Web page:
This was published under the 2010 to 2015 Conservative and Liberal Democrat coalition government
The Department today published the annual report on dietary sodium intakes, based on an assessment of the sodium content of urine samples collected…
The Department today published the annual report on dietary sodium intakes, based on an assessment of the sodium content of urine samples collected from July 2011 to December 2011 from a representative sample of 547 adults.
This report continues a series of urinary sodium surveys across the general adult population in United Kingdom countries since 2000/01. The results are used by government to monitor progress towards the recommended maximum salt intake for adults of no more than 6g per person per day.
The great majority of sodium intake is in the form of salt. Salt intake can be estimated by measuring urinary sodium excretion, which closely reflects an individual’s sodium intake.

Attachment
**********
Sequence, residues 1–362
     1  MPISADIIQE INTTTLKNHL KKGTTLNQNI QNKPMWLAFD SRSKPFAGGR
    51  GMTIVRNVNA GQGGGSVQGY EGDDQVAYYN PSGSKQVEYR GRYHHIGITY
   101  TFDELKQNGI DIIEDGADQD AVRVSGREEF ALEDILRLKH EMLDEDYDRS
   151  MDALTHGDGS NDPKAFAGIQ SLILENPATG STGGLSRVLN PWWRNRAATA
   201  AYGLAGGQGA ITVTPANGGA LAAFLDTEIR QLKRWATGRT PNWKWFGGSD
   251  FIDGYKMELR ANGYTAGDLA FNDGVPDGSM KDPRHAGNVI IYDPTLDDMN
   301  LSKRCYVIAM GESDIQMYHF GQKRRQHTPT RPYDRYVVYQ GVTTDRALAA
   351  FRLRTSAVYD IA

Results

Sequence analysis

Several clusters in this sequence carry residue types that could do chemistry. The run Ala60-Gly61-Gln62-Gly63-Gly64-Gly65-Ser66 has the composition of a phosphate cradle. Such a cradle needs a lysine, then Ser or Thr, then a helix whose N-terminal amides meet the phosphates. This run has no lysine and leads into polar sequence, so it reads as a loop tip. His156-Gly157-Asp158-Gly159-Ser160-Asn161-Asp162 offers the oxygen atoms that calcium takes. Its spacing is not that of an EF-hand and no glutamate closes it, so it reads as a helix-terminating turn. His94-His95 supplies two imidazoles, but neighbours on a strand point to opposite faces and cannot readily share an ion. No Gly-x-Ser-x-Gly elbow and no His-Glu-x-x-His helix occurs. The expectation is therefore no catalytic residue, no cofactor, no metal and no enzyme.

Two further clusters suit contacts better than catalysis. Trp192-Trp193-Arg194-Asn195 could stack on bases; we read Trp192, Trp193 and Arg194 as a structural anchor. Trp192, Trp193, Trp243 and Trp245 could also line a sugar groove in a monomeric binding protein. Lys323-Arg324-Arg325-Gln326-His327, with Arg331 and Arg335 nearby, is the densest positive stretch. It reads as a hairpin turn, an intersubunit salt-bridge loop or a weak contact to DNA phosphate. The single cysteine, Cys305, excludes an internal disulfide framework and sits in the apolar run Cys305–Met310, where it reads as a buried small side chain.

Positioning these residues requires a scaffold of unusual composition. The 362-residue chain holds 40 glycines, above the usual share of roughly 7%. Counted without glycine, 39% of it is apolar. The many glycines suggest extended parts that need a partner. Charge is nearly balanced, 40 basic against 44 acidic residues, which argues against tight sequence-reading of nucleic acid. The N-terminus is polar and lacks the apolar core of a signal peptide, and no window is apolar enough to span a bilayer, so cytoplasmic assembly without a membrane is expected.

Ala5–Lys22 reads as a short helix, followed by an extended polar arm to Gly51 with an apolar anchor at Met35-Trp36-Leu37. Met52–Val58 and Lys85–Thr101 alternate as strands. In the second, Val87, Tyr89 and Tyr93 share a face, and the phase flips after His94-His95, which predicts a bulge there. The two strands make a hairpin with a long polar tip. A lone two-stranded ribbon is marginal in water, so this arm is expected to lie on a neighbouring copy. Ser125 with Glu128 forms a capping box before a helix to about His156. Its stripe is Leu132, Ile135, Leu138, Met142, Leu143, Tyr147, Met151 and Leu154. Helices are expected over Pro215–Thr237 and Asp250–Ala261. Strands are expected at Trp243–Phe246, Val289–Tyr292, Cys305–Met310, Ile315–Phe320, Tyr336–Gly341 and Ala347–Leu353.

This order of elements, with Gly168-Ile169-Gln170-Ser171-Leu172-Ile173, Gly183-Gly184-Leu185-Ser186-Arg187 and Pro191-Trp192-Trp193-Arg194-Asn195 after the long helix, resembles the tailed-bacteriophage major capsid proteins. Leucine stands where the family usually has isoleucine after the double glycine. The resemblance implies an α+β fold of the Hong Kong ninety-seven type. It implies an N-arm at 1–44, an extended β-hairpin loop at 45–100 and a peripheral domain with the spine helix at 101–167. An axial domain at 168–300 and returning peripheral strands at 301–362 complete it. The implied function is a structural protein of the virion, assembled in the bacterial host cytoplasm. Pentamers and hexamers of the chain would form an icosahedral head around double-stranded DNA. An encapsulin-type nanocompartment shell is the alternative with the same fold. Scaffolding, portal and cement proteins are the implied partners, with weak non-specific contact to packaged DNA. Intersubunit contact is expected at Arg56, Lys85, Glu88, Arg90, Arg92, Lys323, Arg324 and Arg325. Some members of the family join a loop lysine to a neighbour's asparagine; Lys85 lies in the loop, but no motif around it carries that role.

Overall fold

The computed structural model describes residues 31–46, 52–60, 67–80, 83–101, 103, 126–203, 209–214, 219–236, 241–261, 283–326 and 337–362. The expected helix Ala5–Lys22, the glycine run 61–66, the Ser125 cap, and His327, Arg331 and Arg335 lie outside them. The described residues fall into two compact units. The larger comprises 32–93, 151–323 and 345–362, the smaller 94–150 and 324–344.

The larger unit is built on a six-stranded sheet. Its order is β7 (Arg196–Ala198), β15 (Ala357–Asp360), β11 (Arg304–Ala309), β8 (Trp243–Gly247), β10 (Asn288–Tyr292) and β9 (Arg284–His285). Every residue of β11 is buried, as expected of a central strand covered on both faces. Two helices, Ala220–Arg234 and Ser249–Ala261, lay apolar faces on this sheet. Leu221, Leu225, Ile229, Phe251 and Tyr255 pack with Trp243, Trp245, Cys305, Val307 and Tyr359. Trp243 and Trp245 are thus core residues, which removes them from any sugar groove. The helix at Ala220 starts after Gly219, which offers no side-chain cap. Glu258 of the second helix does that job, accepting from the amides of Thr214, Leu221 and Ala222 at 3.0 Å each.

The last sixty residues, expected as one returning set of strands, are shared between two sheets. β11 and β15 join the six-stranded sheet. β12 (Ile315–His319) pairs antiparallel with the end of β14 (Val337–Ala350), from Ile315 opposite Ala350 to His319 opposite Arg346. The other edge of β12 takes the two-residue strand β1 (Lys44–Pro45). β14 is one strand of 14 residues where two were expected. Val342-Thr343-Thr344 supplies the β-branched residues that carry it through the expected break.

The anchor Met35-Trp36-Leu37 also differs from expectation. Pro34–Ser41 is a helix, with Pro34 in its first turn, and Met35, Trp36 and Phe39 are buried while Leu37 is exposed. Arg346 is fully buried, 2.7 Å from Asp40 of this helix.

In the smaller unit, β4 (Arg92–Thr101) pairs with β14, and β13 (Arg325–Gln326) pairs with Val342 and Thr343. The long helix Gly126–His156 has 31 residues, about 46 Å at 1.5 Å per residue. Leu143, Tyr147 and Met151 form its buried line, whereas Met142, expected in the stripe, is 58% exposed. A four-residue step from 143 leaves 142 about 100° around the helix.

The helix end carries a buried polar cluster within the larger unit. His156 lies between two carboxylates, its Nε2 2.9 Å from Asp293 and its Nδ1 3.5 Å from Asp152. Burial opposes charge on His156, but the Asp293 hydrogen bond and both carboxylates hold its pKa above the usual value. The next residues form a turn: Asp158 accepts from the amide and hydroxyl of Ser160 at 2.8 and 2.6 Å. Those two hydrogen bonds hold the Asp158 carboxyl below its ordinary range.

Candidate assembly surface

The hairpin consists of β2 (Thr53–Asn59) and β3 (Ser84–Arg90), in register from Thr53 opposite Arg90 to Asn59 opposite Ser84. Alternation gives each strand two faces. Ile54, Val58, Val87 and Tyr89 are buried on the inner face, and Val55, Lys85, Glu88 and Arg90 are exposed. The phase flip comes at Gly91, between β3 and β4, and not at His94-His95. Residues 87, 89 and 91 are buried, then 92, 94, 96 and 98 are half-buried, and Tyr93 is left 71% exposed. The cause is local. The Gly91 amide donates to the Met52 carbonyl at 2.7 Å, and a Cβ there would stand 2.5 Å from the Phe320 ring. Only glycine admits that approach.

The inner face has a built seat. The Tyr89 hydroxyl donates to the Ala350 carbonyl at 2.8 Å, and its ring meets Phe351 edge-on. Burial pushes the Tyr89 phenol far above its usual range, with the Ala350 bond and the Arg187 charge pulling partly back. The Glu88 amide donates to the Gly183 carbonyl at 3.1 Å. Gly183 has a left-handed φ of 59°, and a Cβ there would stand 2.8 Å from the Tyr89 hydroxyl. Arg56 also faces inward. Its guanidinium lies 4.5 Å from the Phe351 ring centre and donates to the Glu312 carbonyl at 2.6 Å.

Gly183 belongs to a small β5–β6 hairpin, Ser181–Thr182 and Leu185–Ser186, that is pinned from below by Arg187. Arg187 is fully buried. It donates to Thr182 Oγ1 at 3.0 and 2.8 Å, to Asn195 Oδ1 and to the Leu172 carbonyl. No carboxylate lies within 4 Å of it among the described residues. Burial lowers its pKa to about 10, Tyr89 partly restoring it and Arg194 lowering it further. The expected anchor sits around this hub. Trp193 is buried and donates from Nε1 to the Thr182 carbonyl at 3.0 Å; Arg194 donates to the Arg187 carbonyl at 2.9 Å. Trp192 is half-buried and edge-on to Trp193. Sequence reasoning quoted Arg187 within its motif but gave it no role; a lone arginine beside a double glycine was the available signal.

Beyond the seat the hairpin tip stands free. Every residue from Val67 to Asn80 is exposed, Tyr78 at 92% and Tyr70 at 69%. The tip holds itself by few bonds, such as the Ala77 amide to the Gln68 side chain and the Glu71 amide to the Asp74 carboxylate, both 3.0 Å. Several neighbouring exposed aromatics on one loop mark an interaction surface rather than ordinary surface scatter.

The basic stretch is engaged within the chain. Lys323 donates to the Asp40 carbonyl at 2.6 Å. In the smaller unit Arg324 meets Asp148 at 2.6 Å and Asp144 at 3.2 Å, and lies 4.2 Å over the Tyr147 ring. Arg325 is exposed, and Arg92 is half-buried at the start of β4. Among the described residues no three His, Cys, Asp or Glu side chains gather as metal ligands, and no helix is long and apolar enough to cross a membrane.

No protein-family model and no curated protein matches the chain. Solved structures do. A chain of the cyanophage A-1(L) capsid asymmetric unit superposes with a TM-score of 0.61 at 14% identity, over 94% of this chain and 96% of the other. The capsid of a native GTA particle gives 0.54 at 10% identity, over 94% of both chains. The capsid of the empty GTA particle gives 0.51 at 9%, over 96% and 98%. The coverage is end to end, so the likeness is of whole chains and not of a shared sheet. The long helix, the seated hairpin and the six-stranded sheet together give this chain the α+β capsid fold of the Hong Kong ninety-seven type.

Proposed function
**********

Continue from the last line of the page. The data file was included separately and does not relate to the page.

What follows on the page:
- The mean estimated salt intake, derived from urinary sodium excretion, for adults aged 19 to 64 years was 8.1g per day. Men had a mean estimated intake of 9.3g per day, and women had a mean estimated intake of 6.8g per day
- Overall, 70% of participants had a daily intake of salt higher than the recommendation of no more than 6g per day. 80% of men and 58% of women exceeded this recommendation
- An analysis of trends in salt intake (g per day), including all urinary sodium surveys carried out in UK countries between 2000/01 and 2011, showed a significant downwards trend in mean salt intake overall and also for both men and women separately
- Statistical analysis showed there has been a significant reduction in mean salt intake between 2000/01 and 2011 from 9.5g to 8.1g per day
- The drop in estimated salt intake in 2011 compared with the previous estimate in 2008 was not statistically significant